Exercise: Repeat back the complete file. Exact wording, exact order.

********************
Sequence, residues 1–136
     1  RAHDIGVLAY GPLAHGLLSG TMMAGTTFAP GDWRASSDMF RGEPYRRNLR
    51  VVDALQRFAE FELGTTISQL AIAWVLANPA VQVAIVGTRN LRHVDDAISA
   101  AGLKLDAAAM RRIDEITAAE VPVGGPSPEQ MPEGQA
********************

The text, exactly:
Sequence, residues 1–136
     1  RAHDIGVLAY GPLAHGLLSG TMMAGTTFAP GDWRASSDMF RGEPYRRNLR
    51  VVDALQRFAE FELGTTISQL AIAWVLANPA VQVAIVGTRN LRHVDDAISA
   101  AGLKLDAAAM RRIDEITAAE VPVGGPSPEQ MPEGQA